Mr Brainwash Mural at Union Market

Laetitia Brock at the Union Market Mr Brainwash mural

Mr Brainwash Mural at Union Market

 

 

 

 

 

Union Market Celebrates International Women's Day with Michelle Obama and Street Artist Mr. Brainwash; Photo Credit: Gary Williams

Union Market Celebrates International Women’s Day with Michelle Obama and Street Artist Mr. Brainwash; Photo Credit: Gary Williams

Unfortunately, some of the art is already gone, like Einstein’s legs or the bottom half of the Life is Beautiful pink heart above.

Thierry Guetta, aka MBW, was quoted saying that he’ll be back in the District because he feels that “Washington, D.C. needs it.” I agree! Apparently, we have many “blank walls that could have messages for people to see life more beautifully.” Again, I agree and I can’t wait to see more of his murals pop up all over town!! 

Postcard from Chicago: Treats in the Streets

Soft Serve Ice Cream Cone by Jim Bachor in Chicago

During my latest trip to Chicago, I stumbled upon this really awesome piece of street art. And by stumbled, I mean I had researched the artist in advance, figured out it was the most accessible piece I could get to given where I was staying and my tight work schedule and ubered there 😉 Artist Jim Bachor has been filling the city’s many potholes with whimsical mosaics since 2013. In a nod to Belgian surrealist painter Magritte, one of his pieces states “this is not a pothole” in black and white tiles. I loved his most recent series, “Treats in the Streets,” because it combined two things I love: street art and food! The treats in this instance are classic frozen treats mosaic, like the soft serve ice cream cone I spotted, that fill potholes in Chicago and Jyväskylä, Finland. One of his previous series focused on flowers and he also has one that features classic fashion prints like Burberry and Louis Vuitton. How fun!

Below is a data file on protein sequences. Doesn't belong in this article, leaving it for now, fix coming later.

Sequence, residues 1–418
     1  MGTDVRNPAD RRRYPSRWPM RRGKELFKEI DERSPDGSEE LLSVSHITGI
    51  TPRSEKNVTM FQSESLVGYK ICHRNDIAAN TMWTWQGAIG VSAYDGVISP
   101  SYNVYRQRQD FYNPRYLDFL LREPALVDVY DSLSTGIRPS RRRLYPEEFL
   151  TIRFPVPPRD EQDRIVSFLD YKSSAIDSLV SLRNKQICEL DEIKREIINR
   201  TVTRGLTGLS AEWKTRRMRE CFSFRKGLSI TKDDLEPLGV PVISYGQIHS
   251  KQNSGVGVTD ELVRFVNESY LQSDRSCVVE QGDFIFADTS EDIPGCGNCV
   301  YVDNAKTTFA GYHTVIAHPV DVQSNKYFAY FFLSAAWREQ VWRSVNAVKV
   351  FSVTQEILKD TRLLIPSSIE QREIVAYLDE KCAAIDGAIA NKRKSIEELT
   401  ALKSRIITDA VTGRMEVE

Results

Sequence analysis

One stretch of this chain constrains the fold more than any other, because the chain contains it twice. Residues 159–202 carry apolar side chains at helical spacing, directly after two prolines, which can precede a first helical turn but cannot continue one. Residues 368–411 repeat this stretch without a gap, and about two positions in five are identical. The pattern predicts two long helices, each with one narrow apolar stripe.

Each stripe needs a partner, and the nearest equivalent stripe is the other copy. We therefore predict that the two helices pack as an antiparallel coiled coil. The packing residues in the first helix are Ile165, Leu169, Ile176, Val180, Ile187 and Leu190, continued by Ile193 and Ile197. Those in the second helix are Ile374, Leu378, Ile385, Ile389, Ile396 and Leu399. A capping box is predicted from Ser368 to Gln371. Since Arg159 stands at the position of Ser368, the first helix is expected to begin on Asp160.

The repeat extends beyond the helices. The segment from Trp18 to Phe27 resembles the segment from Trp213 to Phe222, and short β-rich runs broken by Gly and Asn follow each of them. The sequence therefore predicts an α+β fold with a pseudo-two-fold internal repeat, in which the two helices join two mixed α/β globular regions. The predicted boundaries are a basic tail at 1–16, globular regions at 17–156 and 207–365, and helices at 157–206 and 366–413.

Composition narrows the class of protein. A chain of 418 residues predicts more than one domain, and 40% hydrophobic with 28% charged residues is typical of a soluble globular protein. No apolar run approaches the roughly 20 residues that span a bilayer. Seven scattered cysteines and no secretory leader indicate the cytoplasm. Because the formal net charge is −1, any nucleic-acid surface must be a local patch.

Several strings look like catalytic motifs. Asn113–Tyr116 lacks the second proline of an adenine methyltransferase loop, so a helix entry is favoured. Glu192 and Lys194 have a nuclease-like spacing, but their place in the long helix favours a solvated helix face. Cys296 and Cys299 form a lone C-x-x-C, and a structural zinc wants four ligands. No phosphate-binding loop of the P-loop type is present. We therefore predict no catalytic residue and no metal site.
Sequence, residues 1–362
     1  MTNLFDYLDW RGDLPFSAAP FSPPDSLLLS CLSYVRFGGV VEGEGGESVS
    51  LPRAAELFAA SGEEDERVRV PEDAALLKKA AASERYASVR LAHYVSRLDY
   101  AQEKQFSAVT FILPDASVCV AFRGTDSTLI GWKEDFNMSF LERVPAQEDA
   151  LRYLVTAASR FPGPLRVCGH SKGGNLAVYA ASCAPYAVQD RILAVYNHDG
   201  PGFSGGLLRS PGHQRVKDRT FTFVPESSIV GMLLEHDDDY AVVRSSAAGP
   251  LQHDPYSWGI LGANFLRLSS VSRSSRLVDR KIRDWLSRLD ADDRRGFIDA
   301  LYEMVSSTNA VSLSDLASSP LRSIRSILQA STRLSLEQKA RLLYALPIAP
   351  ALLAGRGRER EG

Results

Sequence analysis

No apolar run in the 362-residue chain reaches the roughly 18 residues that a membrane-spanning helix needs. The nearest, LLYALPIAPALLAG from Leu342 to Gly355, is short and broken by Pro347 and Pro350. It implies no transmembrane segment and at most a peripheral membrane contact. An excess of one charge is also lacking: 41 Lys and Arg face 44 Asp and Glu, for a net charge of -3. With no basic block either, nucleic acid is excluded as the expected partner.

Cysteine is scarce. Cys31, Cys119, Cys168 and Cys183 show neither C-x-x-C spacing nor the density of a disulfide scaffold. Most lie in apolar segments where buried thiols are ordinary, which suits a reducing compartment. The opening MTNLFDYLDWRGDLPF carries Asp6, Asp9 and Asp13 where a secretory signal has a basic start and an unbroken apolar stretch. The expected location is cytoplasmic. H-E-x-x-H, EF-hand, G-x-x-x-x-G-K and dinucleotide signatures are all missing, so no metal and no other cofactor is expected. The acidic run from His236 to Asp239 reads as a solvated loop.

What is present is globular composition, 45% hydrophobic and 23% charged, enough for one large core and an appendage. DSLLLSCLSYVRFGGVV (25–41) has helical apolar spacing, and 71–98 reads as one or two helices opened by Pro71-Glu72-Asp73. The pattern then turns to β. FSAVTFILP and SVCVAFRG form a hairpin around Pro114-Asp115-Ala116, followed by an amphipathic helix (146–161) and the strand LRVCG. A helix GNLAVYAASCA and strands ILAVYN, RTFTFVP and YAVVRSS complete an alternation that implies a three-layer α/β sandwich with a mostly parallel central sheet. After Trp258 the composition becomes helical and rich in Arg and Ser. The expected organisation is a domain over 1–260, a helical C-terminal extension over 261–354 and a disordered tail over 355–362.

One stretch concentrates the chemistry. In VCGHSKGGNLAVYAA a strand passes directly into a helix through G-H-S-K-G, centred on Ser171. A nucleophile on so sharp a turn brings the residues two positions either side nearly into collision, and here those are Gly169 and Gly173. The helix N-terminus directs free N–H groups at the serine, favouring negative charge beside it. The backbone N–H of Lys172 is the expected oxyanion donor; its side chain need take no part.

Jim Bachor fils Chicago potholes with cool mosaics

Soft Serve Ice Cream Cone by Jim Bachor at 1451-1453 West Grand Avenue in Chicago

It was a lot smaller than I thought it would be, and the colours were quite faded so I almost missed it when I walked by. I also almost got run over while trying to photograph it, so my tips if you’re going to try and spot some of Jim’s art is a) check out his website for a handy map of where each of the pieces are located b) look carefully as the pieces are smaller than you might think they would be and most importantly c) be safe… you don’t want to get caught ‘gramming by a car 😉 

ps: wondering how to say pothole in French? I mean, you never know when you might need that word right? Anyhoo, don’t believe google translate that would have you think it’s trou de pot. Technically, that’s a correct (and very literal) translation. Yes pot is a pot (though that’s more something you’d plant flowers in) and yes hole is trou… but the correct word is nid-de-poule or hen’s nest. Because hens love to nest in holes… of course! It’s cute right? 

Off the Beaten Path: ToKi’s SYNTH SERIES 002 Yarn Installation

My (Southern Republican) husband always jokes around that he is very vanilla, and that I bring a little bit of spice, the rum raisin flavour if you will, to his life. I don’t know about that, but I definitely bring him out of his comfort zone on a regular basis 😉 Like, the other day, for example, when I “dragged” him semi-willingly to an abandoned warehouse near the Rhode Island Avenue metro stop to check out an art installation by ToKi. Dragged him to this building:

Toki Art Installation

ToKi is a collaborative effort by two recent Howard University architecture graduates, Khai Grubbs and Toluwalase Rufai. Their latest work is a colourful art installation called SYNTH SERIES 002. Their main material: yarn, though I’m not sure I would actually classify this particular work as graffiti knitting (check out this awesome gallery in Time Magazine or this Buzzfeed article to see what happens when crochet meet street art!) Rather than reclaim, transform or personalize a public space, their collaborative work here seeks to study the intersection of music, space & architecture. Their words, not mine 😉 Part of the experience is definitely the thrill of finding the (no-longer-so) secret location and getting into it to find the colourful basking in the light of the top floor of the building, with nothing but silence as soundtrack. It definitely made for an amazing experience and some stunning pictures and instagram shots!

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IMG_2645This is the duo’s second installation.The first one, SYNTH Series 001, took place at Fort Totem Park near the Fort Totem, in a much more open environment.  They have plans to create more such work in the “synth” series throughout the city.

I wonder where they’ll pop up next!!

UPDATE: According to reports, like this instagram post or this one,  the installation was torn down by the owner of the building where it was housed. Le sigh. Though it is the nature of this kind of urban art I guess…